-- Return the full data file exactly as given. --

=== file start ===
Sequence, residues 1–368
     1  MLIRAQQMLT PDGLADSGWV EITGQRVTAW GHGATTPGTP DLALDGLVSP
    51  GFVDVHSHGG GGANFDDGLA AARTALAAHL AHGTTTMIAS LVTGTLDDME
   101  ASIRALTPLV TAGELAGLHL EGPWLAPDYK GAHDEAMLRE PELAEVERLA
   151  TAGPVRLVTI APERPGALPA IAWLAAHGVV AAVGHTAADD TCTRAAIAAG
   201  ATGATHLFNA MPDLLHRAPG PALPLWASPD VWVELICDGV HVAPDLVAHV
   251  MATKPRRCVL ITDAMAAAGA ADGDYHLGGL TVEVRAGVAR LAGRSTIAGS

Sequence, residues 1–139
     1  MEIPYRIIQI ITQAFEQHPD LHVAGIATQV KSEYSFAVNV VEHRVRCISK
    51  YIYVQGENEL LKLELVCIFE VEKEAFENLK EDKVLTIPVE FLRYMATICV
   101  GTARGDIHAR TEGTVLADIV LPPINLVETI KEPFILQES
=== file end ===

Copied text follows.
Sequence, residues 1–368
     1  MLIRAQQMLT PDGLADSGWV EITGQRVTAW GHGATTPGTP DLALDGLVSP
    51  GFVDVHSHGG GGANFDDGLA AARTALAAHL AHGTTTMIAS LVTGTLDDME
   101  ASIRALTPLV TAGELAGLHL EGPWLAPDYK GAHDEAMLRE PELAEVERLA
   151  TAGPVRLVTI APERPGALPA IAWLAAHGVV AAVGHTAADD TCTRAAIAAG
   201  ATGATHLFNA MPDLLHRAPG PALPLWASPD VWVELICDGV HVAPDLVAHV
   251  MATKPRRCVL ITDAMAAAGA ADGDYHLGGL TVEVRAGVAR LAGRSTIAGS

Sequence, residues 1–139
     1  MEIPYRIIQI ITQAFEQHPD LHVAGIATQV KSEYSFAVNV VEHRVRCISK
    51  YIYVQGENEL LKLELVCIFE VEKEAFENLK EDKVLTIPVE FLRYMATICV
   101  GTARGDIHAR TEGTVLADIV LPPINLVETI KEPFILQES